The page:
Berkeley Unified District BSEP renewal to be on March ballot


On Tuesday March 5, 2024, Berkeley citizens will vote on the renewal of the Berkeley Student Excellence Program (BSEP). BSEP has played a crucial role in providing resources to the Berkeley Unified School District over the past 30 years. 

“BSEP is a voter-approved source of locally controlled funding that BUSD can count on to keep our class sizes small, (and) attract and retain highly qualified teachers,” said Kathy Fleming, director of BSEP. “(BSEP) keeps our school library fully staffed with books and resources and ensures that all of our students have access to arts and music programming and other students’ academic and social-emotional support.” 

Although some may not want to pay the extra parcel tax, the majority of the Berkeley community was inclined to provide funds for education in 2016, winning the vote by 88.9 percent. BSEP helps fund several resources, including college counseling, mental health resources, special education programs, school technology, affinity-based curriculum (such as ethnic studies), and after-school programs (such as seventh period). According to BUSD, BSEP provides funds for a third of BUSD teachers and represents about 20 percent of the BUSD budget. 

A big chunk of this 37 million dollar yearly budget also provides for the arts and music programs, allowing students to start pursuing these interests in elementary school. BSEP funds also cover instruments and art supplies costs and allow students to go on field trips and perform. 

“Our public school system is really a way for us to support all kids,” said Jennifer Shanoski, a school board director for BUSD. “And I think that Berkeley citizens recognize that through these personal taxes, we can sort of give back to all kids within the city.”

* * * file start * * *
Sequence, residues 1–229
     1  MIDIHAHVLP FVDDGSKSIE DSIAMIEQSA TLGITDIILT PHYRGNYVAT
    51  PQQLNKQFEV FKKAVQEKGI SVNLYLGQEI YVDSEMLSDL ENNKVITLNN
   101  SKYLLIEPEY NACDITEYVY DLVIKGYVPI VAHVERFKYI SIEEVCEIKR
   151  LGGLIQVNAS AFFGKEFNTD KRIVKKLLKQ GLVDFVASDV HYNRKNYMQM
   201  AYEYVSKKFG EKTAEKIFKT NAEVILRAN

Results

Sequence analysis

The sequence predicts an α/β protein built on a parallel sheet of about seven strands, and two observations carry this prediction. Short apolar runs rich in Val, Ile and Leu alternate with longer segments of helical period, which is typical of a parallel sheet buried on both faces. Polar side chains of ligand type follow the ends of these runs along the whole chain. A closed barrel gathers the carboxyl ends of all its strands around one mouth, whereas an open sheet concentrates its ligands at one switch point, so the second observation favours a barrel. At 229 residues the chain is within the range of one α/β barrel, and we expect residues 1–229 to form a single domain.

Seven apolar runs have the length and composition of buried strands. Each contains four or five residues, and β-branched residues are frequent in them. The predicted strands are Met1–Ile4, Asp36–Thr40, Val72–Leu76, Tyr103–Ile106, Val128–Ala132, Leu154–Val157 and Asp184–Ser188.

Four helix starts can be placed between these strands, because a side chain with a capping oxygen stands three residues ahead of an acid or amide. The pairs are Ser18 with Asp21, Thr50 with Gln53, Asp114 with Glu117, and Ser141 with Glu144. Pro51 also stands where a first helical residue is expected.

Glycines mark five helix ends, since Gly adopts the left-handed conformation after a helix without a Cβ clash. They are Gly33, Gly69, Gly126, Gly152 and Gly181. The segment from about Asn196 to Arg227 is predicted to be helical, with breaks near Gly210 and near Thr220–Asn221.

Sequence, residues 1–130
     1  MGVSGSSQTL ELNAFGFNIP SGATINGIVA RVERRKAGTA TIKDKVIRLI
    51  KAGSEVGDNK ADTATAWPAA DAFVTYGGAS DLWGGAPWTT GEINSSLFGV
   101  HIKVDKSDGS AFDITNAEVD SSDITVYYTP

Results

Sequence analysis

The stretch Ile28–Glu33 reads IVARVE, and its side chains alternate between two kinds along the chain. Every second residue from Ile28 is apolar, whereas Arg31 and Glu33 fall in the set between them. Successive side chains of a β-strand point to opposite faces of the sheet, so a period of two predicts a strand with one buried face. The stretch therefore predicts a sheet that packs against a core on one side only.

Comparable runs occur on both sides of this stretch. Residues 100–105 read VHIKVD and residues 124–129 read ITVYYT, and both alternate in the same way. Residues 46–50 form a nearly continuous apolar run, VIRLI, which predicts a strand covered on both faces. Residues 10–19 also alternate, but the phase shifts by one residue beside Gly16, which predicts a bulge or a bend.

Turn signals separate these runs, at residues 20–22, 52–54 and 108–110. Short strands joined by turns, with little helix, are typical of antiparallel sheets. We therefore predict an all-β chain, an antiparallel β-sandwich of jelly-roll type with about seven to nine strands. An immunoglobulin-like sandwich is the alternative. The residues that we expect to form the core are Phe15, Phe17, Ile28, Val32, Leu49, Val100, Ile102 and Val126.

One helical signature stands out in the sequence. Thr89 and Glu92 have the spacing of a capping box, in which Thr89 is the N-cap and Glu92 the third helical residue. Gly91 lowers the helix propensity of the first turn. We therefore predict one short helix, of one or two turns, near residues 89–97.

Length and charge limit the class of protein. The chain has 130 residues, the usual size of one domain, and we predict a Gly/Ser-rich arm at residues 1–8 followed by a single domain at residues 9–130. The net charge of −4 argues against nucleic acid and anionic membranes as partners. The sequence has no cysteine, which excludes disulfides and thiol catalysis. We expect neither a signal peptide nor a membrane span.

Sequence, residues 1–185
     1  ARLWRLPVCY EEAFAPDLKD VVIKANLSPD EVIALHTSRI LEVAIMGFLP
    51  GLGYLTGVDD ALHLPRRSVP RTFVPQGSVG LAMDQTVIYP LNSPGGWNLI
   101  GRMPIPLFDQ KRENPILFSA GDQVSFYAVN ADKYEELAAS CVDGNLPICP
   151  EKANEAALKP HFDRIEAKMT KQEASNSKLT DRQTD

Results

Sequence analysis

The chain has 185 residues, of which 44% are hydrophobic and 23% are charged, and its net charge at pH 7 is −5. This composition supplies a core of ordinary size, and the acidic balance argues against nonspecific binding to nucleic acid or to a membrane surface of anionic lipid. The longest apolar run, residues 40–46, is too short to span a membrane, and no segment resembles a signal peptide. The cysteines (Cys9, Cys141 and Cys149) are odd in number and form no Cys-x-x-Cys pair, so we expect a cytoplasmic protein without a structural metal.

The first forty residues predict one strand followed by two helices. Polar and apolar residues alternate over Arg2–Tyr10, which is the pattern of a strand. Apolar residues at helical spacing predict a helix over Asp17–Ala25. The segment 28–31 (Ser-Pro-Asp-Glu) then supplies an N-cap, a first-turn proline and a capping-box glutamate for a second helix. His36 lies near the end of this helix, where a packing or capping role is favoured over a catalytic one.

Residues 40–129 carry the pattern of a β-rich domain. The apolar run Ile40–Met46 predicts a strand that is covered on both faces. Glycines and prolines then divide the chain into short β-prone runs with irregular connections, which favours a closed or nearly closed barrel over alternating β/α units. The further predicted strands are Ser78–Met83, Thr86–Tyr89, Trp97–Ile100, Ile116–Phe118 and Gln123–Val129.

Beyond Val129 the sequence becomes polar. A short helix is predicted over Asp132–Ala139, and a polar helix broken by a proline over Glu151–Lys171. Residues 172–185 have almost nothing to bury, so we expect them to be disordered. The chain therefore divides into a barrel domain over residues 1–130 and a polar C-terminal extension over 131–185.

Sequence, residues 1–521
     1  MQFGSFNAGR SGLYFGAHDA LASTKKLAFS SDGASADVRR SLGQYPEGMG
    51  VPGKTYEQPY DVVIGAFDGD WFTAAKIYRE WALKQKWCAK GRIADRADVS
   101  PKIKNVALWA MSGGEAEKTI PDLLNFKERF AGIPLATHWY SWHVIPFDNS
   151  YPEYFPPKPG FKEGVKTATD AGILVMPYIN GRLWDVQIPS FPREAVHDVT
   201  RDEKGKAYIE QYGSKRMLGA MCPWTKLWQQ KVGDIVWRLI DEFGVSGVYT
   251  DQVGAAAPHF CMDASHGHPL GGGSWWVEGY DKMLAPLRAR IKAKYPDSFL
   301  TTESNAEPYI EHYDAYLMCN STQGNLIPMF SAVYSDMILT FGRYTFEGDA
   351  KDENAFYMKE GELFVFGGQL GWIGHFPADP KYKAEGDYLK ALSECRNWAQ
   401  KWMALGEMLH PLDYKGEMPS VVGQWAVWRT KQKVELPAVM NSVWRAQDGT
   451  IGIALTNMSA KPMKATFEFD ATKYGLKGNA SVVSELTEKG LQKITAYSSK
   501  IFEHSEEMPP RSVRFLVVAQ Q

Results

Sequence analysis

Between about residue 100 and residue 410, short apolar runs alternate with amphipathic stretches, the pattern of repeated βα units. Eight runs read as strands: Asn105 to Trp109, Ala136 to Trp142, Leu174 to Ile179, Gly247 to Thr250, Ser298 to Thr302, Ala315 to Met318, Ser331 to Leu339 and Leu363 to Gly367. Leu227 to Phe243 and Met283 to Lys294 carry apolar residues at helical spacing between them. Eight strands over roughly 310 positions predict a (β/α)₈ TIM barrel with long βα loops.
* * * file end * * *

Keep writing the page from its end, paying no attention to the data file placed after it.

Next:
Alexander Day, a BHS history teacher and Berkeley Federation of Teachers    organizer discussed how BUSD functioned before BSEP. “Things that are not just the core requirements were cut as much as they needed to be,” Day said. “Because the state would give you money to support requirements.”

BSEP was originally created because of Proposition 13, which helped drastically reduce property tax. This proposition helped many lower-income families across California, but it also lowered California’s budget for education. Since BSEP arose out of a necessity for additional school funding, it holds a lot of influence over the future of Berkeley teachers and their salaries and resources for the schools.

“If BSEP failed, it would be devastating to the district,” said Shanoski. “We’d have to lay off teachers. We’d have to immediately increase class sizes. We would no longer be able to maintain the performing and visual arts programs that, you know, are really a hallmark of Berkeley Unified (School District). It would be absolutely devastating. It would be the largest single cut to our district that we’ve ever that we’ve ever experienced.”

School districts in the area with lower property taxes don’t have enough support to create systems to provide resources like BSEP. 

“So the bigger question is, how come the state of California does not provide us with all the money, meaning how come the federal government is not providing us with all the money we need to fully fund education?” said Day. “Why do we have to rely on, essentially, what are band-aids over a gaping wound? That is not enough state and federal funding.”